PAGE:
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Tom Laskawy's Posts

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Vilsack sets the table

It's official: Nutrition will play a big role in reform at the USDA

After reading Tom Philpott's post on Tom Vilsack's recent comments to the WaPo, I think it's worth digging in a bit more. To this point, we've all had to be content with reading tea leaves and parsing statements. But now we are finally getting a taste of the tea. Philpott highlighted Vilsack's line about his desire to represent the interests of those "who consume food" -- a long-awaited distinction to be sure. Of course, claiming to represent eaters is no panacea. The USDA can easily describe its efforts to support a system that provides vast amounts of cheap calories as …

Read more: Food, Politics

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Action alert: Chuck Hassebrook

Kent Conrad is trying to kill reform at the USDA

As I surmised might happen in a comment to Tom Philpott's recent post on ag reform, "Sustainable Dozen" member Chuck Hassebrook, Tom Vilsack's choice for deputy secretary, is having trouble getting through the Senate Ag committee. North Dakota's Kent Conrad (D) is trying to kill Hassebrook's nomination before it's even officially announced. Nick Kristof has the details here (h/t Jill Richardson). In the Senate, a single senator wields enormous power and can put a stop to any bill or nomination if he or she so chooses. With everyone's attention on the stimulus package, this is the perfect time for a …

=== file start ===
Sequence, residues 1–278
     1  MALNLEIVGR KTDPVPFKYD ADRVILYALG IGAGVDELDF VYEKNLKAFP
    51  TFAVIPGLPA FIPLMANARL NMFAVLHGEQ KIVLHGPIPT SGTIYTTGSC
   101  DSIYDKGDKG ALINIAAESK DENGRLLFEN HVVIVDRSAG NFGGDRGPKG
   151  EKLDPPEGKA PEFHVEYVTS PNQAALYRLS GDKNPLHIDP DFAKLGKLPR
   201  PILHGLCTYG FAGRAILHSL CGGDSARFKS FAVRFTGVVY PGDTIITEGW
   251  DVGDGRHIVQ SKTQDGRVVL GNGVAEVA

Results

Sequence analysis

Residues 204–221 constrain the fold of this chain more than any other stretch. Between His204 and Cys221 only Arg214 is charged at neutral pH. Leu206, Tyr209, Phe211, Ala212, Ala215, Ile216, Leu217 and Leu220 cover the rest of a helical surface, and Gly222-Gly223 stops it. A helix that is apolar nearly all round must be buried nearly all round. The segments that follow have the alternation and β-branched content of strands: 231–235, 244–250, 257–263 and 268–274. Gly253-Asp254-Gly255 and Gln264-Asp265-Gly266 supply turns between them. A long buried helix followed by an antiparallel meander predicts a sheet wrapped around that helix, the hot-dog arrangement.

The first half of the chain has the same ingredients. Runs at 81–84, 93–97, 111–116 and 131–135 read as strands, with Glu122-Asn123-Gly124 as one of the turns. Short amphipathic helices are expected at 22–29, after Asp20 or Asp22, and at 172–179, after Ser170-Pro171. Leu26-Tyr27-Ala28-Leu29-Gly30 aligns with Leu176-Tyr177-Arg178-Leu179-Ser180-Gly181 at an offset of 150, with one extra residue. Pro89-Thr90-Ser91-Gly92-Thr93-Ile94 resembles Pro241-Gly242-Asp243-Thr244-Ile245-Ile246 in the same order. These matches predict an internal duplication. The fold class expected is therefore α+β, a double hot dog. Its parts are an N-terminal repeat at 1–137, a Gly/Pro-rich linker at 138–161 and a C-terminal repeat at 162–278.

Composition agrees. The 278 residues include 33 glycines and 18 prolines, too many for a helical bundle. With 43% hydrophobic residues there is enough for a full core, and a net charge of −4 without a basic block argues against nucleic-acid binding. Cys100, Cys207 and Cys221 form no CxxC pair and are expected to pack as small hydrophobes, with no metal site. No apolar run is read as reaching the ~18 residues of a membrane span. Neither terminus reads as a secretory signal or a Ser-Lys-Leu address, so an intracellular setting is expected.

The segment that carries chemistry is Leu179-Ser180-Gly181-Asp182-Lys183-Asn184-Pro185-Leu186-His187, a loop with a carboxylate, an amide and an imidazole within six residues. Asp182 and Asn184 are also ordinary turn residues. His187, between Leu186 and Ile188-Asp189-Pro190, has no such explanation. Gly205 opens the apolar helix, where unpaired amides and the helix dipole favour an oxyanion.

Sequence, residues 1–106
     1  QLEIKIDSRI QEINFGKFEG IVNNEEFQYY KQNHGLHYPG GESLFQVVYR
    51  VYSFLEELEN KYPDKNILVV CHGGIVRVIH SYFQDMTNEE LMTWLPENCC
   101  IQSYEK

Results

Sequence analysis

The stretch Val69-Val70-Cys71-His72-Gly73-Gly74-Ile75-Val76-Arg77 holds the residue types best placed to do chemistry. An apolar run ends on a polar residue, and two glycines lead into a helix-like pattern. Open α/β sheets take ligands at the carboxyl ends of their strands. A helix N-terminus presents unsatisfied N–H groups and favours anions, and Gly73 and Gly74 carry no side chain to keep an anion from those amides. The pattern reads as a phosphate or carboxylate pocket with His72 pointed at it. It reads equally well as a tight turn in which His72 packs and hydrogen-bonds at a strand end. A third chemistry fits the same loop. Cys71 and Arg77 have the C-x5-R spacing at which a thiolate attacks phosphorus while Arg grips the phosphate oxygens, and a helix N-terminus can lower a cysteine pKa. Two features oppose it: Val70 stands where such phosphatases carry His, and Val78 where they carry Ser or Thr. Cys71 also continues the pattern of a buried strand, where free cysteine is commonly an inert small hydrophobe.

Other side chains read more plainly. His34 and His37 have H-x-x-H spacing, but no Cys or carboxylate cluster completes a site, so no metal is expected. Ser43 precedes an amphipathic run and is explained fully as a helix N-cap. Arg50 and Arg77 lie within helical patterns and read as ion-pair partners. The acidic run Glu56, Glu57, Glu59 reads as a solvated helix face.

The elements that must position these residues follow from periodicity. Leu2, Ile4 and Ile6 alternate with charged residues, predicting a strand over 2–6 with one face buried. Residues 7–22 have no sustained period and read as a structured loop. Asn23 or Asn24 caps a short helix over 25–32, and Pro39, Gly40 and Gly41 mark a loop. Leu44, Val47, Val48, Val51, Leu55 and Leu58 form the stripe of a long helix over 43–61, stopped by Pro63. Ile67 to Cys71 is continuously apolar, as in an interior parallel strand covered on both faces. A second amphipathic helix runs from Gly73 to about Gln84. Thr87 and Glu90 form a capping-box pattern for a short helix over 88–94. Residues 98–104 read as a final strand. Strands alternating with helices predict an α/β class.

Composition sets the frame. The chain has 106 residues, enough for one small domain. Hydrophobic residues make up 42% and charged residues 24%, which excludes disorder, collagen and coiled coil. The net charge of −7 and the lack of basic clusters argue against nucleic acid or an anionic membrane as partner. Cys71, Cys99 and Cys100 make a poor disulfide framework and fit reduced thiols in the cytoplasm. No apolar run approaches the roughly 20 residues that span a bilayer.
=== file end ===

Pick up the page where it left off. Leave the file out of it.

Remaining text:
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Food reform, meet climate change

True agricultural policy reform may require climate reform first

I'm becoming more and more convinced every day that addressing climate change and reforming food production are pretty much the same thing. You can't do one without the other. And -- as Yogi Berra might say -- vice versa. The food and agriculture industries, aided and abetted by governments worldwide (not to mention by consumers), have succeeded in offloading just about all external costs involved with feeding us. Environmental issues, public health issues, natural resource utilization issues, even most economic issues related to food have all been socialized to the extent that the industry is almost totally isolated from the …

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More, better markets

A hint of the future appears at a Miami-area produce market

No, this isn't another cap-and-trade post. I'm talking about the yummy kind of markets. As we grapple with ways to reform food production in this country, one problem that crops up is the loss over time of the old farm-to-market networks that fed cities before air freight and transcontinental trucking took over. So even if we wanted to (or, more ominously, were forced to) re-regionalize our food distribution system, the infrastructure no longer exists. This desire, by the way, is not motivated simply by a need to reduce food miles -- a misleading measure for sure. I and others have …

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Where's my quid pro quo?

Let's get a little something in exchange for our biogas

Here's something someone should run with. Via Green Inc. I learned that Sen. Ben Nelson just introduced a bill that would encourage development of the agricultural biogas industry with hopes of including it in the stimulus package. Biogas is a renewable form of natural gas derived from any methane source, like, say, manure. While burning biogas does create carbon emissions, it's more than offset by its effect in eliminating methane, a far more potent greenhouse gas (Marc from the Ethicurean explains how much of an offset in this comment). In many ways, it's not a particularly high-tech approach and it's …